Foraging Blossom Jelly

The boys are constantly picking flowers in that enthusiastic way little kids have. Amongst the plethora of flowers I started thinking maybe we should take advantage of this and make something….then I saw a post showing how violets start out as a dark blue infusion but the infusion “magically” transforms into a brilliant purple when lemon juice is added. Sounds like fun and even if the jelly wasn’t a hit at least we’d have a little experiment to do. Hence this:

turned into this:

The process is simple- cover the petals in an equal amount of boiled water and let sit for several hours or in the fridge overnight. I used a cup of petals for the violet and apple jellies and a half of a cup of petals for the dandelion. Strain and add lemon or lime juice, sugar and pectin. Cook as you would for any jelly/ follow your pectin’s instructions. I used Pomona pectin.Basically use the petal water/infusion as if it were juice.

My gift bearers/ helpers turned into eager taste testers. They wanted to eat the whole thing like a bowl of jello (BTW-that’s actually a second jar that was only partly filled).

It was so good ( delicate and decidedly floral) I started pondering “what other blossoms could we try and will they look and taste as awesome?” Two obvious potentials were dandelions and apple blossoms. I had made some really good apple peel jelly before but blossoms would be even easier and they’re free.

I was hoping the dandelion jelly would be a brilliant yellow but once I started the infusion I stopped worrying about the color and started just hoping it wouldn’t taste awful. Even though I cut the green part off the dandelion blossoms started smelling like cooked spinach the second the boiling water hit them.I almost didn’t even try it out but I figured a half mini batch wouldn’t be too big a waste and at least we’d have tried it. It was actually really good.

The apple blossoms smelled wonderful- almost rose like. The petals turned, unsurprisingly, brown. It tastes like apple jelly but just a touch flowery too. Here they are lined up left to right: dandelion, violet, and apple blossom.

Hmm I wonder how hibiscus jelly would taste….


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30 thoughts on “Foraging Blossom Jelly

    • It’s really easy. If you only make a little you can just refrigerate it- but it’s not much harder to make a larger batch and can some. I made several small batches so I could try experiment without worrying about having a whole bunch of ick to get thru. I used a cupful of blossoms (green part removed). Using Pomona pectin it went like this (if I’m recalling it correctly now) a cup of blossom water plus an 1/8 c lemon juice plus the calcium water- bring to a boil and add the pectin powder that’s mixed with 3/4 c sugar (pomona pectin allows you to use more or less sugar) stir constantly and return to a boil. skim the top if needed and pour into jars. now you can either refrigerate it and use within 3 weeks or get a pot of boiling water going and process them for long term storage. give it a shot. the first time is the hardest cause it’s all new but the results are worth it.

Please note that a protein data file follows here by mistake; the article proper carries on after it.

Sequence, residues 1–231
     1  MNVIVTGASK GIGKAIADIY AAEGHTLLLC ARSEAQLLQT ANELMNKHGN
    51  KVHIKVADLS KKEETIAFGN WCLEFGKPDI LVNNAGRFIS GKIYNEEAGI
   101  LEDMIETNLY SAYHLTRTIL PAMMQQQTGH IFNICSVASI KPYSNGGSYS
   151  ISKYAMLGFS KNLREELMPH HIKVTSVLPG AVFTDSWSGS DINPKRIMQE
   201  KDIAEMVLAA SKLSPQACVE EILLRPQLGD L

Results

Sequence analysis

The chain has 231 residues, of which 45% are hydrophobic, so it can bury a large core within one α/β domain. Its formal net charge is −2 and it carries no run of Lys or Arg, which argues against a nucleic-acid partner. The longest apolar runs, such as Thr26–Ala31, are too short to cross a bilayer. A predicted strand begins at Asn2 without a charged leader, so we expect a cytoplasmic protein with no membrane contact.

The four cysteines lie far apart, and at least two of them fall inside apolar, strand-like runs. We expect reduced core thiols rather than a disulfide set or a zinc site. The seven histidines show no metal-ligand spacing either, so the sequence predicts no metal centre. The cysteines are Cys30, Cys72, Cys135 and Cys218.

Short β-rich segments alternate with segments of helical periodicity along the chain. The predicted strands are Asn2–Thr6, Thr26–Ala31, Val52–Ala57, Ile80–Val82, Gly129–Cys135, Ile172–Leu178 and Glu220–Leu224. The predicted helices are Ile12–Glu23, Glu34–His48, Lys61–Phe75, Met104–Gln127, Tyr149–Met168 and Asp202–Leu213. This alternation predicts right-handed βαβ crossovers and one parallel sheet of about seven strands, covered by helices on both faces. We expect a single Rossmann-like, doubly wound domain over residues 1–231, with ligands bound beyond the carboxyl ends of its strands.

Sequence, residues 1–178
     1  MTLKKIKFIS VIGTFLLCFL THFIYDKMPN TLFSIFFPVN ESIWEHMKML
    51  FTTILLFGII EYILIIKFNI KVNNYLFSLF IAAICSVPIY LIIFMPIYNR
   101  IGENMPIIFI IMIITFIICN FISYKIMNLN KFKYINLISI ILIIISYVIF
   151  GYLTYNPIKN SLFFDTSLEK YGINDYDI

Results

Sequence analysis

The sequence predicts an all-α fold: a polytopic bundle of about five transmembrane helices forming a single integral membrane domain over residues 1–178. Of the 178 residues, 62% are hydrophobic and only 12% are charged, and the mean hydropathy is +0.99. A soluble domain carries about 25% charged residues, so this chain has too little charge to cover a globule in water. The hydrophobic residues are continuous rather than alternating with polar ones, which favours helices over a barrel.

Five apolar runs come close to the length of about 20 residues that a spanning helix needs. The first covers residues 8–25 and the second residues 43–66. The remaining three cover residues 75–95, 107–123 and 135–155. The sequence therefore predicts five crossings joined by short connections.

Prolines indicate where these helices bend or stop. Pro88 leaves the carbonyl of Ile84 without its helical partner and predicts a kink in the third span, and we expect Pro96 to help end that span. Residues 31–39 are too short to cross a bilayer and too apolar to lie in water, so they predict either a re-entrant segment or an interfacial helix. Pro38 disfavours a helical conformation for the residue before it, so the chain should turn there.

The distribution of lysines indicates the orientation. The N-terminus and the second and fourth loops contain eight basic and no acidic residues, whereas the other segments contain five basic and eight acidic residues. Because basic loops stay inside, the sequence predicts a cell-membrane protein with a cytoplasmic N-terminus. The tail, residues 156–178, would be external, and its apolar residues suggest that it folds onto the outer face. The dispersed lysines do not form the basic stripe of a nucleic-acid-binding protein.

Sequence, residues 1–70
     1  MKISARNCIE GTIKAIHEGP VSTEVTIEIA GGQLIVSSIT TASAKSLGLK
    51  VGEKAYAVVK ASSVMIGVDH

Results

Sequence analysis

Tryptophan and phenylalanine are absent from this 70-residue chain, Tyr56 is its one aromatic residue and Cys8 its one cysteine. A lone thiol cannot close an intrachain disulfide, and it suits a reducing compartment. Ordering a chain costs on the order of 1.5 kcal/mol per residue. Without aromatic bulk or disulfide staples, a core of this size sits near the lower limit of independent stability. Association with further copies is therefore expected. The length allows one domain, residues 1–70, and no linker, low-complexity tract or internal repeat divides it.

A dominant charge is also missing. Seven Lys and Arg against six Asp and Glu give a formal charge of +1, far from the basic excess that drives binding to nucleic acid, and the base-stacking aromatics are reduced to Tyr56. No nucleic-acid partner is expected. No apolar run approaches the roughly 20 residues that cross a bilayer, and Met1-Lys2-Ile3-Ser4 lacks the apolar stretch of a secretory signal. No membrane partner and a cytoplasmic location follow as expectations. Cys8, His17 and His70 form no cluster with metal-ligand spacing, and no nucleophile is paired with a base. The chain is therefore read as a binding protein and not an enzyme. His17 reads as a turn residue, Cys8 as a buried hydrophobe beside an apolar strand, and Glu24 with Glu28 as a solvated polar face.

• Thanks:) How have I never come across wildcrafting Wednesday before?! Hmm I bet you could adapt some recipes that use rose water and use rose petal jelly- sure would smell good baking!

  1. Your jellies are gorgeous! What an interesting post! I love that you made your jellies from foraged blossoms too.

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  5. Hi Mossy Stone,

    We’re having our inaugural Eat Make Grow Blog Hop. We are looking for folks to link up who want to share what they have been eating with their families, growing in their gardens or making with all their creative impulses. If you’re interested, I hope you’ll hop on over and link up a couple of your posts. It’s a way for you to grow your readership and find other like minded mamas.

    Hope to see you there,


  6. what a fabulous post! i love the idea of foraging for flowers to make into jelly – and then being left with jeweled colored jars of deliciousness. beauty!!

    thank you for taking the time to share with us at The Wednesday Fresh Foods Blog Hop – we hope to see you again this week with more incredible posts! xo, kristy

  7. Pingback: {In the Kitchen} Foraging | mossgrownstone

  8. I have made dandelion, purple lilac, white, white lilac, and forsythia so far. I have clover tea brewing for the next batch, and I am looking for honeysuckle now.

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